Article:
Le français, espagnol and English – the three languages I speak, some with more fluency than others. I have developed a passion for language and teaching French is one of the things I love to do.  Born in St. Bruno, Québec, my first language is French.  We moved to Oakville just after I turned 3, so it was the perfect time to learn English.  I learned from my neighbors and most likely from television as well.  My parents were very strict about speaking French at home, I wasn’t allowed to speak to them in English.  This turned out to be a major blessing, since I am fluently bilingual.

As a French teacher and tutor, I am often asked about my opinion regarding the French Immersion system we have here in Ontario.  I can only speak about what I know of the program in Halton District School Board, since that is where my clients attend school.  I have mixed feelings about it.  The value of being bilingual in Canada can not be understated, and it also gave me a chance to work overseas, in Europe.  My education was not in a French Immersion program though, in fact, after kindergarten, I attended English primary and secondary school.  Luckily, I was able to be a part of the French Immersion “French” class, since our core French curriculum (at least at the time) is very basic. My French education came from speaking at home with my parents and also some home schooling from my mom in the early years of school.

A few key factors to think about when looking at language acquisition in children:

  • First, children can start to learn different languages as early as nine months. By the time they start speaking, if they have been exposed to more than one language on a regular basis, they will start to communicate in both.  For example, if you have one parent who speaks French and the other who speaks English to the child, you can start speaking to you child in each language very early, and when they start speaking they will learn to communicate in both.
  • Children learn languages most easily before the age of 8.  From 8 years old on it becomes more and more difficult to acquire a new language. This is one of the reasons why students who are only exposed to Core French starting in Grade 4 (when they are 9 years old) have difficulty retaining much of what they learned.
  • Those children who do grow up in a multi-lingual home have a much better chance of acquiring other languages throughout their lives.  For example, Spanish and French are both romance languages and I had the opportunity to study Spanish for one semester in highschool. Being bilingual in French helped me understand Spanish more quickly and by taking opportunities to speak Spanish throughout my adult life, I have become an intermediate level speaker (and currently part of a Spanish Meet-Up Group to improve).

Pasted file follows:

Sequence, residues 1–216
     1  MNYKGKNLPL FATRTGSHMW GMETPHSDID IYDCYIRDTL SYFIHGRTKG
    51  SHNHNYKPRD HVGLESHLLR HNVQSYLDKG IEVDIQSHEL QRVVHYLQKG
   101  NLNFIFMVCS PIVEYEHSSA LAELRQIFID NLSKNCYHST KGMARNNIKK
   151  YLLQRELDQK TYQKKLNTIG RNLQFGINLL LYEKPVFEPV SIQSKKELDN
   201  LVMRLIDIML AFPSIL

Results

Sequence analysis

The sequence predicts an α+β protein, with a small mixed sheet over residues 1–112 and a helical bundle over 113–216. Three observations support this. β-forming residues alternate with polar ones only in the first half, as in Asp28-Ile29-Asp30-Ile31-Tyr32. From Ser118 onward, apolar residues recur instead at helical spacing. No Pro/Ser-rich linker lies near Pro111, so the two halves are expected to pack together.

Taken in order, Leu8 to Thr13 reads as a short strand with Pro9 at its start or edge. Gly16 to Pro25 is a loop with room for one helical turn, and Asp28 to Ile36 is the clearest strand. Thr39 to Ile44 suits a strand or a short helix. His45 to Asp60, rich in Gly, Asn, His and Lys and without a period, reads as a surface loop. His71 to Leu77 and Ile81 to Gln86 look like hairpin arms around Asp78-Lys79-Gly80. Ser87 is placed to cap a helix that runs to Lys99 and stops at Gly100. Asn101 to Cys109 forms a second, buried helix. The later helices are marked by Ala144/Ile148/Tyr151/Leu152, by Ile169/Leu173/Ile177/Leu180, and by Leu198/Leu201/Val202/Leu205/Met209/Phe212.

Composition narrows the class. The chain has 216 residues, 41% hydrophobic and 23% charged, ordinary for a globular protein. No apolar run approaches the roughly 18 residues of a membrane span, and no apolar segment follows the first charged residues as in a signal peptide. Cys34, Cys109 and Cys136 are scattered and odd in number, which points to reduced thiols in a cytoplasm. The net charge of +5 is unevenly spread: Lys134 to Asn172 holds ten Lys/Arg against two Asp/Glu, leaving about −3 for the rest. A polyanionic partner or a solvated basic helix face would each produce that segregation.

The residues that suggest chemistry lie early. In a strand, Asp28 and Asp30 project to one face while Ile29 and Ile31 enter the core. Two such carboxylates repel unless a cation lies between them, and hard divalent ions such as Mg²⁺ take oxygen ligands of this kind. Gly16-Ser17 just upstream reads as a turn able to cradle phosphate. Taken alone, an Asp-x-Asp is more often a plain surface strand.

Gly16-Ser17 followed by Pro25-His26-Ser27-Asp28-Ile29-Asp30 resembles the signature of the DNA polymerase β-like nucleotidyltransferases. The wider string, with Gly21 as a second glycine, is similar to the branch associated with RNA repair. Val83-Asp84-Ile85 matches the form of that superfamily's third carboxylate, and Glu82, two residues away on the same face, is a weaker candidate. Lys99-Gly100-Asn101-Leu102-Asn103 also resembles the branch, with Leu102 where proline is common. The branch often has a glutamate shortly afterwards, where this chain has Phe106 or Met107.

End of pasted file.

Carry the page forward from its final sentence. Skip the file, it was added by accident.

• Finally, regular exposure to a language is most important. Many parents have asked me if they should speak French to their children, even if they are not that fluent – my answer is absolutely! Showing children that you have a love for the language as well will help them learn and appreciate the value of learning another language.

Back to the French Immersion debate.  I have my opinions about the quality of teaching, for every fluent teacher you have, you can find one that isn’t.  Yet you could say that about most every subject in school.  Some schools and classrooms are better at enforcing speaking French in class, and some are more lenient.  The bottom line is this:

  • If the student enjoys learning French and is working at grade level in English, French Immersion is a good idea.
  • If the student doesn’t like French and/or is struggling in English or Math, French Immersion may not be a good idea.
  • For those who have French School as an option (i.e. one parent is bilingual), take a closer look, this might be a great option as well. My husband Dan did the opposite of me, he went to French elementary and secondary school, and he is also fluent.
  • Finally, if the student has been in French Immersion for a few years and is still struggling in most subjects and is below grade level, it might be time to look at taking them out of the program.  A French Immersion program can be very stressful for some children, especially as the work becomes more demanding in later years.

There are so many benefits to being bilingual, and that’s one of the reasons I have gone back to teaching.  I love teaching the little kids from ages 3 to 6, it’s such a fun age for language acquisition and they learn so quickly. No matter whether they are put into a French Immersion program or not, the skills they learn at this young age will help them with language acquisition later in life.

Do you have an opinion on the French Immersion program? Did you go through it yourself and are you bilingual? Do you wish you’d had the chance to learn French as a child? Are you struggling with the decision on what program to enroll your children in? Post a comment, I’d love to hear from you.

I used this book as great resource (from the public library) – Raising Multilingual Children, Foreign Language Acquisition and Children, Tokuhama-Espinosa, Tracey (Book – 2001)

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